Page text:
The New York Yankees are an already unlikable bunch.
Few, if any, professional sports franchises have so masterfully melded arrogance and privilege quite like the Yankees.
Lately, though, the team has added a new element to its pompousness — virtue signaling.
First, the Yankees announced they had become the first North American sports team to join the United Nations Sports for Climate Action Framework.
Today, the Yankees became the 1st major North American sports team to sign on to the UN Sports for Climate Action Framework, the aim of which is to to bring greenhouse emissions in line with the Paris Climate Change Agreement & inspire others to take ambitious climate action. pic.twitter.com/KRFIwaQ31T
— New York Yankees (@Yankees) April 3, 2019
But as obnoxious as it is to have a sports team, with its team buses, private jets and energy-guzzling stadiums, lecture its fans on the perils of climate change, it reaches another level to have a team lecture its fans on racism.
And yet that is where Yankees fans are these days. The team announced it has decided to stop using singer Kate Smith’s rendition of “God Bless America” over asinine allegations of racism.
“The Yankees have been made aware of a recording that had been previously unknown to us and decided to immediately and carefully review this new information. The Yankees take social, racial and cultural insensitivities very seriously. And while no final conclusions have been made, we are erring on the side of sensitivity,” the team said in a statement, according to The Associated Press.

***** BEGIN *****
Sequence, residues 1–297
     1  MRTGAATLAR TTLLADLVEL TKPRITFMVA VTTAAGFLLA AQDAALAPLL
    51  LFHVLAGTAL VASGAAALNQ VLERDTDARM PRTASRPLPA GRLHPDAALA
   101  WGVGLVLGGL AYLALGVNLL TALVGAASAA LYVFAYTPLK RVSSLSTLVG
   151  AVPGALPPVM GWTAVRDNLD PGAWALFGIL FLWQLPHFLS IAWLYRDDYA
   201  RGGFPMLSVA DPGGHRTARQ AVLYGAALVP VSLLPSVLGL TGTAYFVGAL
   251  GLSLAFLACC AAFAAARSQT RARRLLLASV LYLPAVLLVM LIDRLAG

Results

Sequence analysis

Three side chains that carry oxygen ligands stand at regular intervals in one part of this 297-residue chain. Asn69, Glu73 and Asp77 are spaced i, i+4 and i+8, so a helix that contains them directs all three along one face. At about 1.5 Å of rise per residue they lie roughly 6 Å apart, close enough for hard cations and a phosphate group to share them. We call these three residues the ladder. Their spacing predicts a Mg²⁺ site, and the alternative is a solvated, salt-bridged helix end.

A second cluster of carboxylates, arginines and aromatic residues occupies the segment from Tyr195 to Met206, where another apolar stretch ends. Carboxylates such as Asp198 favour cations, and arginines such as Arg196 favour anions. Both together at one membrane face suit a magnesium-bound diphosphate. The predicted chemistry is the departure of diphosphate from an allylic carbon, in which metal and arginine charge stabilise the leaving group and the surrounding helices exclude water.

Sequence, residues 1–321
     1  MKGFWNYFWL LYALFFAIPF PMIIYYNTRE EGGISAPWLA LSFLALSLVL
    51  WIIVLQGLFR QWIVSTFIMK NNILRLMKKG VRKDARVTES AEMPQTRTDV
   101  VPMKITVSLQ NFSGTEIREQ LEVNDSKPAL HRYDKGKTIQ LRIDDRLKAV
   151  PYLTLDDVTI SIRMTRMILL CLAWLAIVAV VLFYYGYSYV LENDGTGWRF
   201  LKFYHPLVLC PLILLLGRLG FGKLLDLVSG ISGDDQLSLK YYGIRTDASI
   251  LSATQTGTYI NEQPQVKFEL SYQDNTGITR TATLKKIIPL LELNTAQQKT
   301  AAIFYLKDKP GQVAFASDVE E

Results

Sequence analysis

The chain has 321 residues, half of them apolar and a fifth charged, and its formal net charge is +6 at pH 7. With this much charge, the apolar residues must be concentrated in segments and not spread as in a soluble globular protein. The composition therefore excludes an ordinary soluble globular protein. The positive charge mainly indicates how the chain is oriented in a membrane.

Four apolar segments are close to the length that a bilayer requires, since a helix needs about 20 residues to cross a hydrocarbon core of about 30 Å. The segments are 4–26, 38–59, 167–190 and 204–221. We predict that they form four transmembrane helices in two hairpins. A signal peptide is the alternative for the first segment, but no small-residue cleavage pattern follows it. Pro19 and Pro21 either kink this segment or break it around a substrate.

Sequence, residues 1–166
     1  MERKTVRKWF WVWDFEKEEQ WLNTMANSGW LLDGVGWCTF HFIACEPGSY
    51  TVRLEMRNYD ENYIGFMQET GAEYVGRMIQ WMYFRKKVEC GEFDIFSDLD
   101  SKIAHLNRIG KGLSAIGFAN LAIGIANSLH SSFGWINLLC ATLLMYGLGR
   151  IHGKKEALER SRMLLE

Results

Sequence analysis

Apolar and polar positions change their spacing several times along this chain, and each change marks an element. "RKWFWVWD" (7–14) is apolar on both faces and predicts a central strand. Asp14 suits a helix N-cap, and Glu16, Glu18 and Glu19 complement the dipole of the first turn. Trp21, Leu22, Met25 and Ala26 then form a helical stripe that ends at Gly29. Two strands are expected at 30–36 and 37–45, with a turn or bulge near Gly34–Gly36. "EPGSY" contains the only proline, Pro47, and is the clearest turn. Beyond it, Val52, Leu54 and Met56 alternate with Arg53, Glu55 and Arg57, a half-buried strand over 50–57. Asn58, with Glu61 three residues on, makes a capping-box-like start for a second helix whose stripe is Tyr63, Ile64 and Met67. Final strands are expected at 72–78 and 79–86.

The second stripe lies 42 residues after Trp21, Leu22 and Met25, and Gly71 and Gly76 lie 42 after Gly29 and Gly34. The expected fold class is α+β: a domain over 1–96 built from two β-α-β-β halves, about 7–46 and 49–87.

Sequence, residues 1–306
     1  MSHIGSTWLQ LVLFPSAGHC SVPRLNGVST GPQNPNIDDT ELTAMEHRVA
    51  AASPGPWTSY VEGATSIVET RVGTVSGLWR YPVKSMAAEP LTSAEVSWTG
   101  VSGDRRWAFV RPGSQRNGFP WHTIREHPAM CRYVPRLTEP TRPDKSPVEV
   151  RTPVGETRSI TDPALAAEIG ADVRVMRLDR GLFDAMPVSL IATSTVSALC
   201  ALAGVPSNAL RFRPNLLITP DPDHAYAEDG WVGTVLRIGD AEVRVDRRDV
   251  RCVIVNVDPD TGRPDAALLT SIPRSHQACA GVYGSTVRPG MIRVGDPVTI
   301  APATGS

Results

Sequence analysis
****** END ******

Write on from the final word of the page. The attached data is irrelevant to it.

It obviously should go without saying, but racism is bad. To clarify, actual racism is bad.
Judging past sins by today’s standards is a fruitless and pointless endeavor. Few actions better capture the absurdity of virtue signaling than just that.
There are a number of reasons the Yankees’ posthumous judgment of Kate Smith, who died in 1986, is so pathetic.
First, if they’re going to be judging the past based on today’s standards, shouldn’t the Yankees just fold altogether? For crying out loud, shouldn’t all of MLB be folded if we’re going to start using those standards?
Baseball has a history rife with racism and segregation. There’s even an annual reminder of it with Jackie Robinson Day.
Second, the allegations of racism against Smith are centered around a satirical song she released in 1939. It’s worth mentioning that the Yankees and the rest of MLB still hadn’t had their first black player in 1939.
The controversy centers around the song “That’s Why Darkies Were Born,” according to the New York Daily News.
The song was part of the satirical “George White’s Scandals” Broadway revue, and it was also performed by groundbreaking black performer Paul Robeson. This is not exactly Smith hanging effigies of black people, or even refusing to work with black people.
Third, there’s something really unpleasant about the fact that Smith has no way to defend herself, given she’s dead.
The worst part of it all is that there’s still no solid basis to label Smith as a hateful racist, or certainly not enough to merit her being posthumously smeared like this. Even the Daily News described the allegations as “potential racism.”
If potential, but unconfirmed, racism is all it takes to be denigrated in 2019, baseball as a whole has a lot of explaining to do.
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